What Is a Toggle?
A toggle, or toggle switch, is a control that lets you switch between settings on your computer. It can be found in options menus and is usually a two-position switch, or on and off.
The term toggle is derived from the English verb “to toggle,” meaning to switch, change or alternate. It can be used in reference to both software and hardware switching.
Toggle labels should describe what the control will do when the switch is on; they should not be neutral or ambiguous, allowing users to know whether it is on or off. In addition to labeling, visual cues like color can help indicate state changes.
For example, the colors red and black are commonly associated with stop signs and lights; a high-contrast, dark green could be more appropriate for use in a toggle.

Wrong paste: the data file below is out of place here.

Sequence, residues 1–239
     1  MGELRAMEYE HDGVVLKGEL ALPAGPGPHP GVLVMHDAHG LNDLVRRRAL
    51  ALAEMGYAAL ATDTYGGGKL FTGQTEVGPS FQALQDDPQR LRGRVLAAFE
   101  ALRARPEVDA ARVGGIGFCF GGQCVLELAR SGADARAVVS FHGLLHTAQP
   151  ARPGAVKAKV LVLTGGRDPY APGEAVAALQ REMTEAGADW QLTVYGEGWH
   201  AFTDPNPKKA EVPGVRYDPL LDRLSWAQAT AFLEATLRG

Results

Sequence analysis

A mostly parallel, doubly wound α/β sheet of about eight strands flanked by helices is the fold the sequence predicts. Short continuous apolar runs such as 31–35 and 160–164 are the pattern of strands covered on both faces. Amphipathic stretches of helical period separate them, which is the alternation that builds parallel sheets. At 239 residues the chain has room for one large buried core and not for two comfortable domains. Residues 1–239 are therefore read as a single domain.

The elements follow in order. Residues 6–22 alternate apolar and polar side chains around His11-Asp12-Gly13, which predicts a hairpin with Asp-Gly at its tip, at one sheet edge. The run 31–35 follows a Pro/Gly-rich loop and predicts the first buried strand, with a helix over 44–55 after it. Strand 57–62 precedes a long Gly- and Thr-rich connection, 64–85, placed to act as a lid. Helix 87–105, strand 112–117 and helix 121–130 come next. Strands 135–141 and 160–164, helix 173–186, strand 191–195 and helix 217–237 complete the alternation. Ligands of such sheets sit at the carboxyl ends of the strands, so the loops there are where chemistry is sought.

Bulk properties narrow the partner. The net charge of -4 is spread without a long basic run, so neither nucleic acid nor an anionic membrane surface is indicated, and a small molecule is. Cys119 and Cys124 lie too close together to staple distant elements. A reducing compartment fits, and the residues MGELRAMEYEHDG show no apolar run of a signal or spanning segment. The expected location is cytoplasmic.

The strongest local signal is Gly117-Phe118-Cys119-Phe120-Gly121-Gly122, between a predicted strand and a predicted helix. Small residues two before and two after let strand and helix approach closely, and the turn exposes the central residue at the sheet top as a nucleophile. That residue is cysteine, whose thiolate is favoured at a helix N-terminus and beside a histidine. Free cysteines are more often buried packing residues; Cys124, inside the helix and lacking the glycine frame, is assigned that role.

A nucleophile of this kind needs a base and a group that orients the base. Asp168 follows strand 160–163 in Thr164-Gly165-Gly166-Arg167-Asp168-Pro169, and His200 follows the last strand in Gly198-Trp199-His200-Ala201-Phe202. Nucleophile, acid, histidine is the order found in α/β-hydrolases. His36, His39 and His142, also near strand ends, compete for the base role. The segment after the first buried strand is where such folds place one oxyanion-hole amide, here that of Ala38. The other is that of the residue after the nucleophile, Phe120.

Managing toggle configuration through static files can be cumbersome when you are managing a large number of toggles, as well as ensuring consistency across a distributed fleet of servers. For this reason many organizations are opting to move their toggle configuration into some type of centralized store, often an application DB.
Some toggle systems support runtime configuration, which makes it easy to change the toggle’s state at any time without having to restart the process or re-deploy a new artifact. While this can be useful for some types of toggle, it is not ideal for others, such as Ops Toggles and Experiment Toggles.